Author Archive

Harlan: Snakes and Horses – Chapter 3 of 6

Written by Harold McNeill on October 12th, 2010. Posted in Family 1940 1965


Red Sided Garter Snake

Photo (Web) This red sided garter snake along with hundreds of other species can be found by the thousands across the prairies. The snakes are great for scaring people.

Link to Next Post: Hunting Crows
Link to Last Post: Interesting History
Link to Family Stories Index

Early Summer, 1949

One thing that is etched in my memory from our months in Harlan was the millions (perhaps trillions) of ‘garter snakes’ that thrived in the grass and bush land throughout the area. Most of these little snakes measured between 8” and 18” in length and although not poisonous, they could sit back, hiss and flit with the best of their forked tongue relatives.

While many people have a built in aversion to snakes (probably stemming from that incident in Garden of Eden), Stan and I had no such qualms. We took great pleasure in chasing down those slithering, twisting, hissing and flitting reptiles, grabbing them by the tail and putting them in a pail or box for ‘later’ use. That use usually involved chasing the girls at home and school.

(1825)

Harlan: A Tragic History – Chapter 2 of 6

Written by Harold McNeill on October 12th, 2010. Posted in Family 1940 1965


Memorial at Frog Lake

Photo (Frog Lake Memorial):  One man who died was the John Delany, the Grandfather of my Aunt Hazel (wife of my mom’s brother Melvin Wheeler), all part of the interesting history of our family.

Link to Next Post: Snakes
Link to Last Post: Old School House (First of Part IV)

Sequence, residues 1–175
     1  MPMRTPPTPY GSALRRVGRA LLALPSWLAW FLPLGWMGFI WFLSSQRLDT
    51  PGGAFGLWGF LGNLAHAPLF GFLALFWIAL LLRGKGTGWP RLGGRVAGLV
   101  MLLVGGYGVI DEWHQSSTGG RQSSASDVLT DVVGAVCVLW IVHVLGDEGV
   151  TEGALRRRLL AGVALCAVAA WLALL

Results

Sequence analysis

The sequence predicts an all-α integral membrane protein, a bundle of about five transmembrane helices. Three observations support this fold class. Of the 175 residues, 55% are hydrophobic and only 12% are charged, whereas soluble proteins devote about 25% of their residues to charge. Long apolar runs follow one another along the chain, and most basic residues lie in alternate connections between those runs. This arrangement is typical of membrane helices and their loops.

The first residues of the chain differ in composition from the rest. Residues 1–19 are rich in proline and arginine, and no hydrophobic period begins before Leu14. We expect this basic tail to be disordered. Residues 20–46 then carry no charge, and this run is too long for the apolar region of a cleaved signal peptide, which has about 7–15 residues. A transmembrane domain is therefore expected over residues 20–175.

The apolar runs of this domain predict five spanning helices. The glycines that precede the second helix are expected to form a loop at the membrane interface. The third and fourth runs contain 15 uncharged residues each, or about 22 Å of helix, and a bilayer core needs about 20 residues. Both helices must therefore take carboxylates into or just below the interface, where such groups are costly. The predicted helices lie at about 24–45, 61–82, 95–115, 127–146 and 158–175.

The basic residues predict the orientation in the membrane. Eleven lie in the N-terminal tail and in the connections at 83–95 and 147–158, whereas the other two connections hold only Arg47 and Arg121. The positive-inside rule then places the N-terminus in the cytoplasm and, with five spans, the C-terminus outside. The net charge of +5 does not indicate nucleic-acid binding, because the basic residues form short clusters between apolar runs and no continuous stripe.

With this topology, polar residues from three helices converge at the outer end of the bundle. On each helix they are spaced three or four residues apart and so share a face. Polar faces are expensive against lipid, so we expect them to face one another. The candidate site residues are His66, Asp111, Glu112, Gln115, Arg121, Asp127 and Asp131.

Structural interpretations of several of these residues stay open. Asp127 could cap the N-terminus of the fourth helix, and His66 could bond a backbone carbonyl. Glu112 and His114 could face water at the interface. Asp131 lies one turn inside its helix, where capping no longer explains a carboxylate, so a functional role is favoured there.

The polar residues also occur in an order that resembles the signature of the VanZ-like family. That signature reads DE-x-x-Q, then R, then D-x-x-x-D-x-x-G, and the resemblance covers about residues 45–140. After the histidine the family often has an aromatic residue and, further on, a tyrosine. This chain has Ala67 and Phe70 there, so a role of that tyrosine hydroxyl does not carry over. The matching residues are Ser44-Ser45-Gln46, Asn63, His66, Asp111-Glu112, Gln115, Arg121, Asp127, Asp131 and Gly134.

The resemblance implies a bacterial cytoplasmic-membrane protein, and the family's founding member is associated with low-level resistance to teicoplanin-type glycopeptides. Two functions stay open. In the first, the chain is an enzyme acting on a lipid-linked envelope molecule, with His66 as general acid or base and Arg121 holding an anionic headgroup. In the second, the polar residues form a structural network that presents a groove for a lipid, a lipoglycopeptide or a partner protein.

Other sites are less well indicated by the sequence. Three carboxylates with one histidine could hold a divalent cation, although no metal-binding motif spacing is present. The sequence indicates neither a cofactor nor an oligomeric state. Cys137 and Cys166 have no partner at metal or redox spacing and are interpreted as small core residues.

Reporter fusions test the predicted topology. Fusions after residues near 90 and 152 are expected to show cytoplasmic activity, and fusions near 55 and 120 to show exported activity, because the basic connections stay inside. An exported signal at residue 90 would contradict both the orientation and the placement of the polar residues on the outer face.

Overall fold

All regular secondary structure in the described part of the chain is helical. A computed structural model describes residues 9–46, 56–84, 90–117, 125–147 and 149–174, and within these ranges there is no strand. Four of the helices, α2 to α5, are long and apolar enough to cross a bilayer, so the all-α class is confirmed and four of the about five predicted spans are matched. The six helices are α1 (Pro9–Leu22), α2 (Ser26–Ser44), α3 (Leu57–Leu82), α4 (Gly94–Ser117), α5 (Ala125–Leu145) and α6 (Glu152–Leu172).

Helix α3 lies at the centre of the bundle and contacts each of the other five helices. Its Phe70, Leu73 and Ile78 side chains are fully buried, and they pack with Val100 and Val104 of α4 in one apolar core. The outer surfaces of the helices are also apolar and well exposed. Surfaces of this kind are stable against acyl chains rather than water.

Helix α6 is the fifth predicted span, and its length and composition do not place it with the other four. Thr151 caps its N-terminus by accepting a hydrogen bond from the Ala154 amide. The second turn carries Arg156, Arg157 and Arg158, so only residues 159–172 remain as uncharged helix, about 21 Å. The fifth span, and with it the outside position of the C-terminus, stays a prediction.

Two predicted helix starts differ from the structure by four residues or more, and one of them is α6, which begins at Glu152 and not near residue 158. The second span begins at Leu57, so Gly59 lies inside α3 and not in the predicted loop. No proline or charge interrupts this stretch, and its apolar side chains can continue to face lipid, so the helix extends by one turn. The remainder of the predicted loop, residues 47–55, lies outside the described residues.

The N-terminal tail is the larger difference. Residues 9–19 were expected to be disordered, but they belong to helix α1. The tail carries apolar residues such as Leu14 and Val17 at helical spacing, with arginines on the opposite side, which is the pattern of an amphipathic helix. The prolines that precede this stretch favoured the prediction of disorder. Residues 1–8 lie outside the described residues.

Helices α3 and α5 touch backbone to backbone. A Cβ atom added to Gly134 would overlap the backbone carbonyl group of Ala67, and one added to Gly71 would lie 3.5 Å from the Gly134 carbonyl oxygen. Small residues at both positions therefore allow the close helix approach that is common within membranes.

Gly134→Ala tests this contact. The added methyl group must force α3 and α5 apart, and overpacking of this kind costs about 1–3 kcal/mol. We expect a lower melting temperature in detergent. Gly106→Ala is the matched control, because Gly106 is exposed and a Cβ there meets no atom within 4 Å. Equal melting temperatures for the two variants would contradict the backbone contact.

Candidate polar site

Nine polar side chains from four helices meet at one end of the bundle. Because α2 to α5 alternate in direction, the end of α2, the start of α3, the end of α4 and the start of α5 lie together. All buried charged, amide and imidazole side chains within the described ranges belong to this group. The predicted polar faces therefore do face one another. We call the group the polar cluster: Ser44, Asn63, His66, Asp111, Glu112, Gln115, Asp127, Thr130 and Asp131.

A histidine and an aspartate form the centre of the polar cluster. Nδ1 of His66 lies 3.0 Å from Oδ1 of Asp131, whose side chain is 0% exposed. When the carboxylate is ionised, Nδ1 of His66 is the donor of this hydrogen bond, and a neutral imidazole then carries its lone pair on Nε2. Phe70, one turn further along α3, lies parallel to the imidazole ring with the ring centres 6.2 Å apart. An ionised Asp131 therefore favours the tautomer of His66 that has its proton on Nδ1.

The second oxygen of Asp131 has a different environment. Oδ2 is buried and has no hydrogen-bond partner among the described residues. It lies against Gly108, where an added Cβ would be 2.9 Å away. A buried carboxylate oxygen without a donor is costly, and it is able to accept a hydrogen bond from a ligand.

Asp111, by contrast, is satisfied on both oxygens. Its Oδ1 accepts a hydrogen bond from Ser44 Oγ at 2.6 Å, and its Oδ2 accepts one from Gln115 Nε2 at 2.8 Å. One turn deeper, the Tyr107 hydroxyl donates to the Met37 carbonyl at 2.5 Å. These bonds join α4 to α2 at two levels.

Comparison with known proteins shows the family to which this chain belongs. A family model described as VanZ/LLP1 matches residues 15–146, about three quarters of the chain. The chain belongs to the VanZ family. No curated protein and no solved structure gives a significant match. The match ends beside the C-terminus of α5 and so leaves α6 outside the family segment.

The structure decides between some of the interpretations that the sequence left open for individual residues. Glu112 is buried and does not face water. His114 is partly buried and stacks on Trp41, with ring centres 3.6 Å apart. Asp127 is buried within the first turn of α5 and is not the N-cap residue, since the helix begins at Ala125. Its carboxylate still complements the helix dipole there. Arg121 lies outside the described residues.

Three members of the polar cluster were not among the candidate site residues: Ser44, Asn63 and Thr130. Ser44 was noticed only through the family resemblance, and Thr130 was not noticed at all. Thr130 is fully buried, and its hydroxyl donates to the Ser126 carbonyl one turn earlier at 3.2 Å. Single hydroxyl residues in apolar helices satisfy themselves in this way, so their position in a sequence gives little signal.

Link to Family Stories Index

Early Spring, 1949

While our home a Marie Lake, Alberta, (20 miles north of Cold Lake) was nestled within the pristine beauty of the lakes and evergreen forests dotting Northwestern Alberta, Harlan District was spread out along fields and poplar forests that gently rose from the northern banks of the North Saskatchewan River.  Situated just inside the Saskatchewan side of the border with Alberta, the community was less than ninety miles south-southeast of Cold Lake. Today it remains a small farming community not much changed from that time Louise and I lived there for a few months in 1949.

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Martineau River: Hauling Logs and Ice – Chapter 2 of 5

Written by Harold McNeill on October 10th, 2010. Posted in Family 1940 1965


 Hauling Ice and Logs

Photo (Cold Lake History on Web): Cutting, hauling and storing ice was a yearly ritual at a time when refrigerators consisted of an insulated box filled with ice.

Link to Next Post:  A Winter Dash to the Hospital
Link to Last Post: Martineau River Logging Camp (Start of Part II)
Link to Family Stories Index

Winter, 1945